What is the DSP?

What is the Designated Suppliers Program (DSP)?

The DSP is a responsible apparel purchasing program that uses universities’ buying power to support improved working conditions in factories. The DSP provides a concrete plan to not just respond to violations of workers’ rights but to actively guarantee that the rights of apparel workers throughout the world are being respected. Instead of contributing to the race to the bottom, the DSP ensures that university apparel is made under humane conditions and encourages improvements in the apparel industry.

How does it work?

The DSP ensures that university apparel comes from “designated suppliers” which comply with university codes of conducts by ensuring workers rights to fair wages, freedom of association, no forced or unpaid overtime, and safe working conditions. In other words DSP enforces our codes of conduct, rather than allowing them to continue to be empty promises.

Through the DSP, we assure that our clothes are made under fair conditions, by linking manufacturers’ eligibility to do business with universities with humane treatment of workers on the factory floor.

With the DSP!
*Apparel workers have the right to organize and those who stand up for their rights have protection
*We can wear Carolina apparel with pride because we know they come from factories with humane conditions
*Brands and factories are rewarded with guaranteed business for complying with their codes of conduct
*Universities make real improvements in the working conditions for thousands of apparel industry workers

Without the DSP:
*Apparel workers lose their jobs when they stand up for their rights by forming a union
*UNC apparel is sourced from over 3000 factories where sweatshop conditions are the norm, violating UNC labor codes of conduct
*Factories and brands ignore their codes of conduct in order to keep up with fierce competition
*UNC contributes to the race to the bottom by ignoring poverty wages and widespread abuses in the apparel industry

Why do we need the DSP?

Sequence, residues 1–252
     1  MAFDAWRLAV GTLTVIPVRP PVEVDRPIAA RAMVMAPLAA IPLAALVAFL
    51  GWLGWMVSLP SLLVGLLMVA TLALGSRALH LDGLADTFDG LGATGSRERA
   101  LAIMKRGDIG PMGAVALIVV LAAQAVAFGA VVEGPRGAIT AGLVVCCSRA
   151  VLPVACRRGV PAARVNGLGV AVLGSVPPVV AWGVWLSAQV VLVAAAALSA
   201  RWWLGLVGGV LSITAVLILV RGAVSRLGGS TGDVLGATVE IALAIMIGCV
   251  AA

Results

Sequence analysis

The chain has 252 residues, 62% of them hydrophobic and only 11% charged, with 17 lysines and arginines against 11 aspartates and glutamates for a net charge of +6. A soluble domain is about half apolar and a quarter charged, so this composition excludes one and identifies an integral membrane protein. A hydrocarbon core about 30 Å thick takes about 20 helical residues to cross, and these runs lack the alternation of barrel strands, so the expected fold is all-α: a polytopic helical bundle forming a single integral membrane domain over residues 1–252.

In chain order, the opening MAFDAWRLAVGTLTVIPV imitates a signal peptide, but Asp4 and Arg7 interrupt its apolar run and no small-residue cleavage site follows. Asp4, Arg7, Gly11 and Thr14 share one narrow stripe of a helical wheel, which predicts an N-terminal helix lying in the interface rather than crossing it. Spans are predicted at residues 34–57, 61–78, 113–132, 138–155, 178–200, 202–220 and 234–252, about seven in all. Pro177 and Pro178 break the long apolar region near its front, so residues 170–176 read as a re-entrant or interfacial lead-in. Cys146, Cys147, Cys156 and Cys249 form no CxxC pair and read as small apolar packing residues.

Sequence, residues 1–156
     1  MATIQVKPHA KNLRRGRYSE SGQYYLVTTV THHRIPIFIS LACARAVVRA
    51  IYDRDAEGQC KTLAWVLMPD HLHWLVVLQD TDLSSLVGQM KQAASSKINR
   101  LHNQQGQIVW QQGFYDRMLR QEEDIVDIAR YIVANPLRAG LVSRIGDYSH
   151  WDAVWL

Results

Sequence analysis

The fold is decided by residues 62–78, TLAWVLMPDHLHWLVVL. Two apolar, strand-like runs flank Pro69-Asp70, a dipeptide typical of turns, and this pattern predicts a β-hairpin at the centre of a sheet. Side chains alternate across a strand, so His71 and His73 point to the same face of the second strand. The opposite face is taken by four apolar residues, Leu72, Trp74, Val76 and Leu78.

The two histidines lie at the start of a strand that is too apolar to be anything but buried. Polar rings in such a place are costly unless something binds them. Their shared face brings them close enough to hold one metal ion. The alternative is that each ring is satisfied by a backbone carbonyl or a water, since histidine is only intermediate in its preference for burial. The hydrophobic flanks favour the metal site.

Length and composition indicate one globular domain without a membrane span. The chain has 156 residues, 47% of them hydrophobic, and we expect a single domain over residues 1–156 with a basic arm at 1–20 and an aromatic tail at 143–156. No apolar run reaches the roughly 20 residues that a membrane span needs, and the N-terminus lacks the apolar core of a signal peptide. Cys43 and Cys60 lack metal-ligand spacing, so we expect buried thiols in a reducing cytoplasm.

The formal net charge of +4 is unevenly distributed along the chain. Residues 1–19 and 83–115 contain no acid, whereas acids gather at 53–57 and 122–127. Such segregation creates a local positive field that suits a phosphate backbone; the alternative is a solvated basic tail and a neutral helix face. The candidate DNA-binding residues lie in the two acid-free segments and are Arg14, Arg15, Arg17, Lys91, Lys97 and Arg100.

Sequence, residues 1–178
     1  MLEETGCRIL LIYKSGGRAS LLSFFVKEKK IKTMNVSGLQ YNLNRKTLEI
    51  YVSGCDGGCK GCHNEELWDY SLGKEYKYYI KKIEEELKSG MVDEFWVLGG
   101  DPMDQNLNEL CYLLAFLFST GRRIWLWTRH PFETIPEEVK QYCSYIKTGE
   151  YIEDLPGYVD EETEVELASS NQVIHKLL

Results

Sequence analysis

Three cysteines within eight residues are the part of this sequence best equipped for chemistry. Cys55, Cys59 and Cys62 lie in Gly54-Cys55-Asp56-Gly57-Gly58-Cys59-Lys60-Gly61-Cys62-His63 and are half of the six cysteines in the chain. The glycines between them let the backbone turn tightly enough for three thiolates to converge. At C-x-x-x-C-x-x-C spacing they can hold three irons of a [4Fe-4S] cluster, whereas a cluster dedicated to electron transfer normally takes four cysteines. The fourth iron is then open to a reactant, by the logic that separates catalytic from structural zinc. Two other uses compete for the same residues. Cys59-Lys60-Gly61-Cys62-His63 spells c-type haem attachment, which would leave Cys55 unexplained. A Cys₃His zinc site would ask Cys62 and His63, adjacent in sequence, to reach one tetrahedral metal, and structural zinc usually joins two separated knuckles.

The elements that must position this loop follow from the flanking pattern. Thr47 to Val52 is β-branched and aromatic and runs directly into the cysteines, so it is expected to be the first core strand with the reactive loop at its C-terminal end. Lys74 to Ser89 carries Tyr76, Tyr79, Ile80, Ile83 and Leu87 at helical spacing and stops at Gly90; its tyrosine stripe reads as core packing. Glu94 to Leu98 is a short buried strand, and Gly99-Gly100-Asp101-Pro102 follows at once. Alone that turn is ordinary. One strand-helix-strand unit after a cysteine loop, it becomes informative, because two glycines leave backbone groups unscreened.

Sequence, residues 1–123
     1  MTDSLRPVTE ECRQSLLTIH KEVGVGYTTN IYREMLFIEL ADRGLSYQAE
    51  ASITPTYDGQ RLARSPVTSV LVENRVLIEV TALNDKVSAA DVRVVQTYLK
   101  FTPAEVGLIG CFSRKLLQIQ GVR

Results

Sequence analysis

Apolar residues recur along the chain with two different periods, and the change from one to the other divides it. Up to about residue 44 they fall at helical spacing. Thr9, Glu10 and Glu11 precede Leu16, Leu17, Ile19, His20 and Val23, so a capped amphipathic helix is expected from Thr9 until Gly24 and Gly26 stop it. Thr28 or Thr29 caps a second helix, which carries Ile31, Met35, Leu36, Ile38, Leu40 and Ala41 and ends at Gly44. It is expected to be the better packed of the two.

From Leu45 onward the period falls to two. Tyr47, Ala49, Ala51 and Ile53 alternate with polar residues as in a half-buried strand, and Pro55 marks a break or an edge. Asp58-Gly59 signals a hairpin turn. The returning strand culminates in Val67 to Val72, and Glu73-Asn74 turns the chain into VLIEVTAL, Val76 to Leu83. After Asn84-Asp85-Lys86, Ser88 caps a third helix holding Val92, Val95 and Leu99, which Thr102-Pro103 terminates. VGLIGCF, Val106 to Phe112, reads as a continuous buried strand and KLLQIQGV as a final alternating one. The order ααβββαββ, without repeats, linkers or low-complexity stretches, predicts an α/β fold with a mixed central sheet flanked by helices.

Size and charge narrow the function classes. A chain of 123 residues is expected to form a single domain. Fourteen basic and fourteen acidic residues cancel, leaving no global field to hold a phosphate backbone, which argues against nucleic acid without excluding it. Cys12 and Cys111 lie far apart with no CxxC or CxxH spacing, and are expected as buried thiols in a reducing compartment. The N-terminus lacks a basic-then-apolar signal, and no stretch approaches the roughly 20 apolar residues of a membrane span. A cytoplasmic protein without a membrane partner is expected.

The “race to the bottom” (the extreme pressure on apparel companies to produce at the lowest cost) has forced the closure of many factories that have improved wages and working conditions; this leaves little hope for improvement in sweatshop-like conditions. Without the DSP thousands of workers that have organized for improvements at work have lost their jobs due to factory closures. Under current conditions, workers that stand up for their most basic rights (unforced overtime, safe drinking water, freedom of association and right to leave work when they are injured or sick) are often punished by factory closures or unjust firings.

With the DSP, we are supporting a collaborative process to improve working conditions in the apparel industry: apparel companies have an incentive to enforce their codes of conduct, workers have protection to stand up for the rights and customers can be sure that the apparel that have our universities name on it are made free from exploitation.

Why we need the DSP now!
The BJ&B Story:

The BJ&B factory in the Dominican Republic made hats for brands that sold to various universities. Despite the fact that these universities had codes of conduct ensuring rights at work, the workers at BJ&B faced horrendous conditions including verbal abuse, water infected with ringworm, forced overtime even when workers were sick and injured, unsafe conditions for pregnant workers, etc.

To address these violations, the workers formed a union to protect their rights and to ensure that the factory complied with the brands code of conduct.

Despite the fact that BJ&B was a leader in improved working conditions, fierce competition to produce at the lowest possible cost forced the factory to close in February 2007. The company moved all its orders to other factories that had inferior wages and working conditions. All the progress that had been made to address unsafe working conditions was lost and thousands of workers were left without employment opportunities. The economy of Villa Alta Gracia, Dominican Republic, where the factory was located, was totally dependent on the free trade zone. The closure of BJ&B has put the entire community in crisis, as families that relied on the free trade zone jobs are going hungry with scarce employment opportunities. Many have been forced to move far away from their families to find jobs in domestic service or sex work.

The DSP aims to support factories like BJ&B that have improved conditions and prevent closures of factories that are leaders in labor rights. Instead of punishing workers who stand up for their rights at work, the DSP attempts to provide stable, good jobs in communities that produce apparel for universities.

What apparel workers say about the DSP:
“Universities should support the DSP, because with a program like this the factories will have to respect the law and the rights of worker. It could make a huge difference.
“The clothing brands that we sew for like Nike have codes of conduct with fair treatment, but the reality for us is that none of this was respected in the factory. It was just for show.
“I have the hope that this program will become a success because then finally the factories will be held accountable and will follow the law.”
~Yenny Perez, former BJ&B worker

For more information on the Designated Suppliers Program, including the policy document as outlined by the DSP working group, legal opinions, economic arguments, university statements in support of the DSP, and supporting academic research, please click here.

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